Also known as Mummy Brown.
Mummy brown was originally made in the 16th and 17th centuries from white pitch, myrrh, and the ground-up remains of Egyptian mummies, both human and feline, one London colourman claiming that he could satisfy the demands of his customers for twenty years from one Egyptian mummy. It fell from popularity in the early 19th century when its composition became generally known to artists. It was also considered extremely variable in its composition and quality, and since it contained ammonia and particles of fat, was likely to affect other colours with which it was used.
Mummy brown was produced up into the 20th century until the supply of available mummies was exhausted.
Greek Fire was the secret weapon of the Eastern Roman Emperors. It is said to have been invented by a Syrian Engineer, one Callinicus, a refugee from Maalbek, in the seventh century (673 AD). The “liquid fire” was hurled on to the ships of their enemies from siphons and burst into flames on contact. As it was reputed to be inextinguishable and burned even on water, it caused panic and dread. Its introduction into warfare of its time was comparable in its demoralizing influence to the introduction of nuclear weapons in our time. Both Arab and Greek sources agree that it surpassed all incendiary weapons in destruction. The secret behind the Greek fire was handed down from one emperor to the next for centuries. Rumors about its composition include such chemicals as liquid petroleum, naphtha, burning pitch, sulfur, resin, quicklime and bitumen, along with some other “secret ingredient”. The exact composition, however, remains unknown.
The jewels – emeralds, rubies and diamonds presented to the Irish nation by William IV in the 19th century, were kept in a safe in Dublin Castle’s Bedford Tower. They were in the care of Sir Arthur Vicars, the Ulster King of Arms, his nephew Pierce Mahoney, and two assistants. On June the 28th, 1907, Vicars reported that his key to the tower’s main door had vanished. Five days later, the cleaner, Mrs Farrell, found the main door unlocked when she arrived for work. Then finally, on July 6th, she noticed something even more strange: the door to the strongroom where the jewels were kept, had been left open overnight. That afternoon, a castle porter named Stivey entered Vicar’s room while Vicars and Mahoney were examining the gold and enamelled collar of the Order of St Patrick. Vicars gave the porter a safe key and ordered him to put the collar with the rest of the jewels. A few minutes later, Stivey returned with the alarming news that the safe was already open. Vicars made a swift inspection and cried, ‘My God, the jewels are gone!’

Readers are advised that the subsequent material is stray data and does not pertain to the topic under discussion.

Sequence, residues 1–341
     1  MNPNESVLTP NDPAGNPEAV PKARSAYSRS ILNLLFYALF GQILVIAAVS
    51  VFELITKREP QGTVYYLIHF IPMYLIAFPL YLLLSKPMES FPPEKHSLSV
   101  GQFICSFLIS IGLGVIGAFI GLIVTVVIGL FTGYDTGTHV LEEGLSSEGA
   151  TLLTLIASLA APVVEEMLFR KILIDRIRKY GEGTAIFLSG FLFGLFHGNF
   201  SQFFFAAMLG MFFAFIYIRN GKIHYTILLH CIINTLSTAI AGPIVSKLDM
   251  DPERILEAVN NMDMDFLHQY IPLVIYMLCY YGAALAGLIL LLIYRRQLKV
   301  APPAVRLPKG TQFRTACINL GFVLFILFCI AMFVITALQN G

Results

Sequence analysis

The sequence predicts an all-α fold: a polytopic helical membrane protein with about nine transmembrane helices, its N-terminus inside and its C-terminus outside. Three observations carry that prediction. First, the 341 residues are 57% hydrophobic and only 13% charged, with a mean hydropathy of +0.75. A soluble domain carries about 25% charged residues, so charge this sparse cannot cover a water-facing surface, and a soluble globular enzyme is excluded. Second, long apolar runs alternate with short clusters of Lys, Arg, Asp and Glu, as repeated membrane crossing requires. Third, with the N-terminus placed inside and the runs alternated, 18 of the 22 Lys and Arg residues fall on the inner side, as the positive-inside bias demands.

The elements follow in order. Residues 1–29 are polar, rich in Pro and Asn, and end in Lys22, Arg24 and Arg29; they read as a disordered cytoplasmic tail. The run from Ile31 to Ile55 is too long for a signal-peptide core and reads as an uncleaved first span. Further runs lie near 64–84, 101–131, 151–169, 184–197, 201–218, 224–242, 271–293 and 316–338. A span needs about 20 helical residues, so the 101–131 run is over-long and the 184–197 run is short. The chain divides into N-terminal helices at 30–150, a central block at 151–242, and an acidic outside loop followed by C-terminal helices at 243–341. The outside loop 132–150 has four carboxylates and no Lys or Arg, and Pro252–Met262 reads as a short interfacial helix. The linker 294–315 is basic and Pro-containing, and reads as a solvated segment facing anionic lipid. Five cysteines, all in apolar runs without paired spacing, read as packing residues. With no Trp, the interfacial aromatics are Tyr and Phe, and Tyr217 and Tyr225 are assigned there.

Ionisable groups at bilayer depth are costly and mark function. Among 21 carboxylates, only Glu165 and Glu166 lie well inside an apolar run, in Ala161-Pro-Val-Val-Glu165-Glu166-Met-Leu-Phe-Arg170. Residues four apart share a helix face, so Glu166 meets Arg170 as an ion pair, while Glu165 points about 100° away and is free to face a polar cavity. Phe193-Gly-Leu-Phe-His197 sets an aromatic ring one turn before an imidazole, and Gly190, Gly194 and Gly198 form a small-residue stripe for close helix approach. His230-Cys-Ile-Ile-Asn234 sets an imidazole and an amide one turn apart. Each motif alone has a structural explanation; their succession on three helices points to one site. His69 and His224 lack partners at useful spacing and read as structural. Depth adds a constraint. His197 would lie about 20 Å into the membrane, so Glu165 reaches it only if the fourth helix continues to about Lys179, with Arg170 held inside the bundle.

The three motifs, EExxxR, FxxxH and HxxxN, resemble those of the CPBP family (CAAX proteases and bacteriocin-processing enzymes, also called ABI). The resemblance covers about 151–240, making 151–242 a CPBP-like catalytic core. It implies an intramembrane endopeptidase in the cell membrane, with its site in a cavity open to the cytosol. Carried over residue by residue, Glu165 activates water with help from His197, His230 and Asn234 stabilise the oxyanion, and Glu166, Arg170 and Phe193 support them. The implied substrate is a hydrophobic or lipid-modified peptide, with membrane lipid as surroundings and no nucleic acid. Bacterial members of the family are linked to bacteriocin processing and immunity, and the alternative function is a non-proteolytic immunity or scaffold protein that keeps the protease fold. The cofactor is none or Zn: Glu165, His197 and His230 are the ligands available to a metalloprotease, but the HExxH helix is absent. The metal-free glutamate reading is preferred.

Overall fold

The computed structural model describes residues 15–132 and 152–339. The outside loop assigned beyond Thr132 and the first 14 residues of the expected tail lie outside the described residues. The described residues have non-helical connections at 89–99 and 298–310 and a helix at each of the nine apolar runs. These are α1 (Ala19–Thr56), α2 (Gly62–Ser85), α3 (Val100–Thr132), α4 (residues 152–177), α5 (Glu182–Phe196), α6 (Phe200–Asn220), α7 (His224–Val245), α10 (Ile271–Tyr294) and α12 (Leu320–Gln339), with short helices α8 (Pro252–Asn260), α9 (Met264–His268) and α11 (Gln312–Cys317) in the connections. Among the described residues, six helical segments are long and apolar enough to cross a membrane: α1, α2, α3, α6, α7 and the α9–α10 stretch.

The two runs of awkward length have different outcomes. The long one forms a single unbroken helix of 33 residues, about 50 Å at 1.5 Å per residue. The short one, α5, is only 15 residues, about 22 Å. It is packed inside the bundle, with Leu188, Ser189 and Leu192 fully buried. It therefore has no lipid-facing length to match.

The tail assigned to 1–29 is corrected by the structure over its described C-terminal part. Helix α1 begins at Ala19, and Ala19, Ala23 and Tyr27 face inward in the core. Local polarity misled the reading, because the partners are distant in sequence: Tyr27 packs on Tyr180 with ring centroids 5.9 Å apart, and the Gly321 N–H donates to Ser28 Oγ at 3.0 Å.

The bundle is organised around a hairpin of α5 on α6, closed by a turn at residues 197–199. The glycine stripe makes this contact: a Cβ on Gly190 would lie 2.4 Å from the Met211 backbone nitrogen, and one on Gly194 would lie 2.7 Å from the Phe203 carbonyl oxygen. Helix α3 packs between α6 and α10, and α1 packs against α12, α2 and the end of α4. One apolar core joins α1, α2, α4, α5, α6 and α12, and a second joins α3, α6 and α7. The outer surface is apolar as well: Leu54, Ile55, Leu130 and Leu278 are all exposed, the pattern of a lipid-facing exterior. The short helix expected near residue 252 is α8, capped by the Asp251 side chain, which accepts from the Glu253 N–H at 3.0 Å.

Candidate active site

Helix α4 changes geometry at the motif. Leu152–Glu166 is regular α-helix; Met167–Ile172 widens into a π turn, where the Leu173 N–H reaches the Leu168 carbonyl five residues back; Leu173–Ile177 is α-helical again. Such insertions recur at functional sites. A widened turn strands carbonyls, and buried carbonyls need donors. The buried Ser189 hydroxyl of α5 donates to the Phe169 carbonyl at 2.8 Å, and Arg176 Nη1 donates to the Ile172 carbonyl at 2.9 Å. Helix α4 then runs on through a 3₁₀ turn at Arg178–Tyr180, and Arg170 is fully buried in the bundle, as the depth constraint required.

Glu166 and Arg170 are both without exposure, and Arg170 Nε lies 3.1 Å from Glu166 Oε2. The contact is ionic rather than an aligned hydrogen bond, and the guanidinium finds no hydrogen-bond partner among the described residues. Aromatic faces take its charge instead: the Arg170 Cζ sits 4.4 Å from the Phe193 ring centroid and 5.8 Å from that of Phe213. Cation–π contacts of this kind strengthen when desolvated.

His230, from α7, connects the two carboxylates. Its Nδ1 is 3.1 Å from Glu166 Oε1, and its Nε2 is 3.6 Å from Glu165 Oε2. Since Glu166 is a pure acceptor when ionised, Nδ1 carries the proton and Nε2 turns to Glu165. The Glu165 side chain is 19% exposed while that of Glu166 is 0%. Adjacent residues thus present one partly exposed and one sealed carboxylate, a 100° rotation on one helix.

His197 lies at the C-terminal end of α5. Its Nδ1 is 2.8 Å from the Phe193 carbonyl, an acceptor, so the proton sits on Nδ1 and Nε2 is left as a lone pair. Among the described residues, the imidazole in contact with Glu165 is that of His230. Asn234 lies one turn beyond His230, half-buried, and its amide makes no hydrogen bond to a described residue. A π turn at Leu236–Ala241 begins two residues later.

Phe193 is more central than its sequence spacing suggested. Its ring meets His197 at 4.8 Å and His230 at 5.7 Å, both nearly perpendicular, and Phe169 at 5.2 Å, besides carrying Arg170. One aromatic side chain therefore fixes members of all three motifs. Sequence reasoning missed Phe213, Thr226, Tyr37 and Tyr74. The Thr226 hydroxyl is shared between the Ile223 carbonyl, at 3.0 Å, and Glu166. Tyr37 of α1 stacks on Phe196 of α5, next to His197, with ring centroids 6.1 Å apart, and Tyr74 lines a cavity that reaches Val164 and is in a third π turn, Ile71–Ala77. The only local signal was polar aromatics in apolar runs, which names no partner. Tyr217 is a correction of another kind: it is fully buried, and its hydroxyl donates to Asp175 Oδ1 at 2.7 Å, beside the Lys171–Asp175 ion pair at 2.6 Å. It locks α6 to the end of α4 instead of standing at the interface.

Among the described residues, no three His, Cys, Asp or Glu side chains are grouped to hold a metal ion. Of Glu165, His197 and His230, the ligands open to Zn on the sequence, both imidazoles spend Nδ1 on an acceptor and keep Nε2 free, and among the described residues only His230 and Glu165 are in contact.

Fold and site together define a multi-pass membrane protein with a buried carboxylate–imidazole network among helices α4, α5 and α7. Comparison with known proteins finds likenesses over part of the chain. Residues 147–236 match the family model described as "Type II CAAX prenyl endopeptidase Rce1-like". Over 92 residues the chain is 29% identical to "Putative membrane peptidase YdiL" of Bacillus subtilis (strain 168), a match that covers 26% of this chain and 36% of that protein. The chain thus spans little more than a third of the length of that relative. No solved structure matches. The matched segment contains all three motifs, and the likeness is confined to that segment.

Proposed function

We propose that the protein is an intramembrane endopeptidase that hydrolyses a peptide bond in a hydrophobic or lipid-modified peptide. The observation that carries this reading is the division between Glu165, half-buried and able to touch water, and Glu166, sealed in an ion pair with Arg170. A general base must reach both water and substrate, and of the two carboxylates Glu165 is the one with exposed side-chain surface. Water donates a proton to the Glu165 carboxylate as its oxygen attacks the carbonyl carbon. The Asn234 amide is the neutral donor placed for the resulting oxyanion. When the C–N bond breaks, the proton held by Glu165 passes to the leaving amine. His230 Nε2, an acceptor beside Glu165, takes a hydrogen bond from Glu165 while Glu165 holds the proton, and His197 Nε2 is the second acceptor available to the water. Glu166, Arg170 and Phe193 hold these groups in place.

Police never caught the thief. Within a month of the crime, Scotland Yard detectives had produced a report with the name of their prime suspect. However, this report was suppressed, and the Chief Inspector recalled. Later during that year Edward VII demanded that all four men resposible for guard the jewels, step down. 14 years later, Vicars was found dead in the garden of his home in County Kerry. The body was riddled with bullets and a label was found that read: ‘IRA Never Forgets’. But the Irish Republican Army insisted that it was not involved. Regardless, most people in Ireland believed Vicars to be an innocent man who had been badly treated by the British Government. No trace of the Irish Crown Jewels has ever been found.
It was distinguished from other zebras by having the usual vivid marks on the front part of the body only. In the mid-section, the stripes faded and the dark, inter-stripe spaces became wider, and the rear parts were a plain brown. It’s flesh is said to have been welcome food for the farm labourers, while the skin was used as “grainbags” and “leather”. Great numbers of raw animal hides were exported during the 19th century for the leather industry. South Africa was known as a “hunters paradise”, this was the beginning of the end for the Quagga.
There are only five known photos of a living Quagga, taken in 1870. The last known living Quagga died August 12, 1883 in the Amsterdam zoo.